Culture

Rob Bell defines evangelical … really

Rob Bell sat down with Michael Paulson of the Boston Globe as part of his Drop Like Stars tour. Here is the definition of “evangelical” the Boston Globe quoted: “I embrace the term evangelical, if by that we mean a belief that we together can actually work for change in the world, caring for the environment, extending to the poor generosity and kindness, a hopeful outlook. That’s a beautiful sort of thing.” You may want to follow the conversation at Out of Ur.

Here are Rob’s tweets in response:

* Ever done an interview and then read it and realized they left out most of what you said? Maddening.
* A bit of history: the word evangelical comes from the Roman Empire propaganda machine- it was an announcement proclaiming Caesar is Lord…
* The first Christians took the phrase and tweaked it, saying “Jesus is Lord.” That, of course, could get you killed. No one challenges Caesar
* To confess Jesus is Lord was to insist that peace does not come to earth through coercive violence but through sacrificial love…
* That is still the question, is it not? Whose way? Jesus or Caesar? Power and might and domination – or bloody, thirsty, hanging on a cross?

Church, Reflections

The Scandal of the Evangelical Conscience

Link: The Scandal of the Evangelical Conscience – Books & Culture.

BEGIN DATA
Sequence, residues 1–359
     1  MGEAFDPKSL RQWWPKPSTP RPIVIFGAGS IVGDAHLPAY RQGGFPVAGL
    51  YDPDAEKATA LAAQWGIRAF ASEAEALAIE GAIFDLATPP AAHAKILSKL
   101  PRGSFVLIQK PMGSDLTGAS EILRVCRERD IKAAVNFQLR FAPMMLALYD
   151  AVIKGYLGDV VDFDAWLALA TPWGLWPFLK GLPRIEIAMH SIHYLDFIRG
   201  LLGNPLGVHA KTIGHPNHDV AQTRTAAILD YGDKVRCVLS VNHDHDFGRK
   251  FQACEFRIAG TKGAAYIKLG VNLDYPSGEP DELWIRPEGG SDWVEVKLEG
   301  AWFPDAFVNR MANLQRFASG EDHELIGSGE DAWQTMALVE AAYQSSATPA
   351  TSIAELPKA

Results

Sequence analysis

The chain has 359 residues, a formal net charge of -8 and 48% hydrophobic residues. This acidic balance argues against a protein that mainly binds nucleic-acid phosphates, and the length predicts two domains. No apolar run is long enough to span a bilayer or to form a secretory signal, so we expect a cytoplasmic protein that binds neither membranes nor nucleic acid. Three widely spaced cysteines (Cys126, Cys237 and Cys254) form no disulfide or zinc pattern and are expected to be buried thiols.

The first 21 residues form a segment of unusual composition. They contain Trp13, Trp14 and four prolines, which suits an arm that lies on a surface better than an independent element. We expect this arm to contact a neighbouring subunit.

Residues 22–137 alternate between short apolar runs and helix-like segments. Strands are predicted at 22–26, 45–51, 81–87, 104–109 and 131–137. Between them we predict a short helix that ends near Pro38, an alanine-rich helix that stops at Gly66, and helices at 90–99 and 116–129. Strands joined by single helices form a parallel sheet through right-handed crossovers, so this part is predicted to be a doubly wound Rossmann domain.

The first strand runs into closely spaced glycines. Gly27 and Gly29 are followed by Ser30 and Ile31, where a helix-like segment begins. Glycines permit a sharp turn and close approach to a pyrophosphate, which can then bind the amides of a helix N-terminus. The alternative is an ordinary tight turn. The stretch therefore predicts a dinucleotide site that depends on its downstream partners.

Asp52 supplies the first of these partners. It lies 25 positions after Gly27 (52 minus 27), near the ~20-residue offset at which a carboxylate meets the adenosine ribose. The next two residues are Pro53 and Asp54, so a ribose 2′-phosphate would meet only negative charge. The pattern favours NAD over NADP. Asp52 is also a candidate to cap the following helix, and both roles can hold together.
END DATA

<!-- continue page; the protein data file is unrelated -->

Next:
Ron Sider is at it again.  He so wants USAmerican evangelical Christians to be Christian, yet the overwhelming evidence is that evangelicals are succombing to the dominant USAmerican culture. Think Ron has it wrong … read his discussion below about evangelicals and divorce, materialism and its implications for caring for the least, the last, and the lost, sexual disobedience (!), and racism.  Fortunately, we can learn from the church at Laodicea (see Revelation 3:14-20) about being transformed from lukewarm christianity into signs of God’s hope for the world.

Ronald J. Sider, "The Scandal of the Evangelical Conscience: Why don’t Christians live what they preach?" Books & Culture, 11.1 (January/February 2005), p. 8.

Once upon a time there was a great religion that over the centuries had spread all over the world. But in those lands where it had existed for the longest time, its adherents slowly grew complacent, lukewarm, and skeptical. Indeed, many of the leaders of its oldest groups even publicly rejected some of the religion’s most basic beliefs.
In response, a renewal movement emerged, passionately championing the historic claims of the old religion and eagerly inviting unbelievers everywhere to embrace the ancient faith. Rejecting the skepticism of leaders who no longer believed in a God who works miracles, members of the renewal movement vigorously argued that their God not only had performed miraculous deeds in the past but still miraculously transforms all who believe. Indeed, a radical, miraculous "new birth" that began a lifetime of sweeping moral renewal and transformation was at the center of their preaching. Over time, the renewal movement flourished to the point of becoming one of the most influential wings of the whole religion.

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